On a chilly December afternoon I played a heart-pounding game of laser tag, flew across town on a magical broom, killed zombies in an abandoned mall, and hung out with an old friend who lives roughly 2,000 miles away — all without leaving my home or, in fact, my living room.
These are the kinds of things you can do in Horizon Worlds, the new social virtual-reality app from Meta, the company formerly known as Facebook. The app, which was released in the United States and Canada earlier this month, includes a slew of VR «worlds» that you can visit and encourages users to build their own worlds for anyone to explore.
Horizon Worlds is Meta’s most ambitious effort yet to get people to hang out together in VR, after spending billions on this technology and recently making it an even bigger focus focus as the company touts its «metaverse» ambitions. The launch comes at a promising moment: VR is more affordable, accessible and capable than ever before. But challenges remain.
While the app is free, the headset required to use it costs $299 or $399. Despite years of hype, VR continues to be a niche technology, with uncertain use cases beyond gaming and entertainment. And Meta is betting heavily that it can convince people to buy into its vision for a virtual world after a bruising period of headlines about the company’s impact on the real world.
After spending days in Horizon Worlds, it’s clear the universe Meta envisions already has some polished pieces, but it’s still very rough around the edges — and it’s certainly not the sort of full-fledged, sprawling virtual world conjured up when Meta executives talk about the so-called «metaverse.»
In Horizon Worlds, users inhabit customizable (but legless) floating avatars — mine looks kind of like a cartoon version of me on a good hair day — that some might find creepy or obnoxious. Facial expressions also don’t necessarily match what the person behind the avatar is feeling. For example, I noticed it’s easy to make the avatar look chipper but nearly impossible to make it look sad.
The hand controls can feel choppy and glitchy — particularly if your virtual self is near any VR objects that can be picked up. It can also be hard to find fun things to do in Horizon Worlds and, frankly, the worlds that already exist often sound cooler than they are.
And as more people populate VR, there will undoubtedly be concerns about recreating some of the problems we already have on the internet in virtual places. One Horizon Worlds beta tester reportedly posted in the app’s official Facebook group in early December that a stranger groped her within the app. When asked about this incident, a Meta executive told tech site The Verge that the person hadn’t used the app’s various safety features, such as the ability to block another user.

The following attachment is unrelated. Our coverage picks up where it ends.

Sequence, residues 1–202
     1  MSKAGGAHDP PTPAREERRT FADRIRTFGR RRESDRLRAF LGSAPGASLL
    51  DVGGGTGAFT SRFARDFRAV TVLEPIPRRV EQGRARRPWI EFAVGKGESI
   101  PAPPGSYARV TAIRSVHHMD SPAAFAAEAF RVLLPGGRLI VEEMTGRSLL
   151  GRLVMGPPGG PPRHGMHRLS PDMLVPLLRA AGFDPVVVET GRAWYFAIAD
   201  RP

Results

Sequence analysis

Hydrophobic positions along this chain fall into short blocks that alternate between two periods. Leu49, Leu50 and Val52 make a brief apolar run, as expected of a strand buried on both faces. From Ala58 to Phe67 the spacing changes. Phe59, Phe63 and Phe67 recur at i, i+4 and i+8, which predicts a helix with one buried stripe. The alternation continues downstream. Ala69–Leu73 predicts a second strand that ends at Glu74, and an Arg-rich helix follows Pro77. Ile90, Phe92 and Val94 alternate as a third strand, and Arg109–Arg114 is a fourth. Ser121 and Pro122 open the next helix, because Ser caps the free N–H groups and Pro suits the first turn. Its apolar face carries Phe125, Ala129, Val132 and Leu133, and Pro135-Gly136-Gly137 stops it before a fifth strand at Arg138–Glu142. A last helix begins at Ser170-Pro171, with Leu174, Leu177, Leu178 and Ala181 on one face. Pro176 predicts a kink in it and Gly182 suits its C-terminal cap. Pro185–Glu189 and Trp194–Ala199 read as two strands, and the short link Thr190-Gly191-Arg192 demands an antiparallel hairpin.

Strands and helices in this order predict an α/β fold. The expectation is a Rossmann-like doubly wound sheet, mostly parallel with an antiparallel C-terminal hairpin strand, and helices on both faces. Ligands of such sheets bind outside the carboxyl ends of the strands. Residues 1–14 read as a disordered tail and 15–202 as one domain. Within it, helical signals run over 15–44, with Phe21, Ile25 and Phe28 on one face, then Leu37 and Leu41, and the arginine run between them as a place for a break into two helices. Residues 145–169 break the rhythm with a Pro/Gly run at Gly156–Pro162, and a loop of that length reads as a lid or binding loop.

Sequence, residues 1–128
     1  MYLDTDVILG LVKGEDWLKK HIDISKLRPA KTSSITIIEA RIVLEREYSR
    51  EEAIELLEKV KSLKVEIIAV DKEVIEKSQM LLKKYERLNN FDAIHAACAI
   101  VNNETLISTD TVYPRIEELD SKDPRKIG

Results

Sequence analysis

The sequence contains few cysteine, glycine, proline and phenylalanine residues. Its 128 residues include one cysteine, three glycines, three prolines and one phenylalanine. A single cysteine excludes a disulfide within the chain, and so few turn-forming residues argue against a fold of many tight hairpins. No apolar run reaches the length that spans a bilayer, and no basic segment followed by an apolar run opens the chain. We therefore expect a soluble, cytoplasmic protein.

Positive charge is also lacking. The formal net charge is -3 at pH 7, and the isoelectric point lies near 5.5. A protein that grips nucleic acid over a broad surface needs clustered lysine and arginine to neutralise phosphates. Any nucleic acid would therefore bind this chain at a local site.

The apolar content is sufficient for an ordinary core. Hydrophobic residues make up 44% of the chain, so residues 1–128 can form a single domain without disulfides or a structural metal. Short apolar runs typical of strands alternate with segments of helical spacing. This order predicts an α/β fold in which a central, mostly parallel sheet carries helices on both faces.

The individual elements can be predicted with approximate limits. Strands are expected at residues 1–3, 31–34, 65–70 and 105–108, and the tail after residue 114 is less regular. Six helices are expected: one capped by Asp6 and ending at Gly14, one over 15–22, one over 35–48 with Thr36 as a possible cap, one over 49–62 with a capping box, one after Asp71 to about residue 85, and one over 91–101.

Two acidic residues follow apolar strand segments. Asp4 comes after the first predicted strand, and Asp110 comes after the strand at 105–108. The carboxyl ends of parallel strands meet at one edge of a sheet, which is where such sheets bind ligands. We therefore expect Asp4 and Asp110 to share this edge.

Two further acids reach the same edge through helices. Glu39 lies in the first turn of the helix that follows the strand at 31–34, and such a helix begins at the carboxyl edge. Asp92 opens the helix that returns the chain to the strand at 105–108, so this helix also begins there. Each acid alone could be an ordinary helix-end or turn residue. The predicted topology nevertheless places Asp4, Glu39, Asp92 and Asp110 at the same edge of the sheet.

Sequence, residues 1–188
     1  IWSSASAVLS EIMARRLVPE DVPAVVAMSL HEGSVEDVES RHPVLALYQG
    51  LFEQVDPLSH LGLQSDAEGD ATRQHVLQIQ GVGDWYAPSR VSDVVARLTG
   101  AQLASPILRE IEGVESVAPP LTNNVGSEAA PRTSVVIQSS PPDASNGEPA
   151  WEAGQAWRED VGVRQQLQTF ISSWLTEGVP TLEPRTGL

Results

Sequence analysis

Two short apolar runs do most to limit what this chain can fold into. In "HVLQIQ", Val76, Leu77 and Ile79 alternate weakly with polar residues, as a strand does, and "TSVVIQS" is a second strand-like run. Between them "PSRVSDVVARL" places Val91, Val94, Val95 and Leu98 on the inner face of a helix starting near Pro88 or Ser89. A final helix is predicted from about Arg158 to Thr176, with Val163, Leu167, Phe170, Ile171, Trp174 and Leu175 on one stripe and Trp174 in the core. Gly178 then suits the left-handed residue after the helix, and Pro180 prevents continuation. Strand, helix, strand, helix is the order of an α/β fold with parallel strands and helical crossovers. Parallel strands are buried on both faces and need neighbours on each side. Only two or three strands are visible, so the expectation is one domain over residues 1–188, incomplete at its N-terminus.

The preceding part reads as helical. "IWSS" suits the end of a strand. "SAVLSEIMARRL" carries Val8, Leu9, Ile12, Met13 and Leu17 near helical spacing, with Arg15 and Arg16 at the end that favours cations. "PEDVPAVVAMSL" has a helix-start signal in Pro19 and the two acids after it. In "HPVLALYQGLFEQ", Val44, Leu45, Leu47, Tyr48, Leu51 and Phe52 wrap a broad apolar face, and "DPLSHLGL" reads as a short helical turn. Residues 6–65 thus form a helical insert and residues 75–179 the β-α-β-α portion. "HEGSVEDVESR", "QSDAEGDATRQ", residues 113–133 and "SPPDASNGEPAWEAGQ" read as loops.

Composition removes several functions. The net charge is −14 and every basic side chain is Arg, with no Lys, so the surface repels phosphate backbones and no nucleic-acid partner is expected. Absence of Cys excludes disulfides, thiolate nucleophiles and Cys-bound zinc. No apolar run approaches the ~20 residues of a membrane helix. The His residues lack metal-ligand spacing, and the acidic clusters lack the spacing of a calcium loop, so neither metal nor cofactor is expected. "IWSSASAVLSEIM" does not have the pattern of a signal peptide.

In my experiences, harassment was not a problem, but it has long been an issue in VR in general, and it’s not that easy to block or report other users (particularly if you aren’t skilled at using the Quest controllers). A different issue was more immediately obvious. There appeared to be several underage users — the app is available to anyone 18 and older — including one I overheard telling another user on a Saturday night: «My mom is telling me I have to go to bed.»
There’s a lot at stake here for Meta, and arguably for anyone who chooses to use VR. The VR market is still small, with tech market researcher IDC expecting 8 million VR headsets to ship this year and 14 million next year. But the market continues to grow, and Meta is a frontrunner. The success (or failure) of Horizon Worlds will likely color the experiences users have in different VR apps for years to come.
At the plaza
The first thing you see when you open Horizon Worlds is a menu including three activity choices: Do you want to play games, hang out, or attend an event? Unfortunately, when I was trying the app out in late December, there weren’t many events going on within the app. Instead, I spent some of my time hanging out in the Plaza — a general gathering space within Horizon Worlds — and exploring different worlds, both by myself and with a real-life friend who joined me in VR.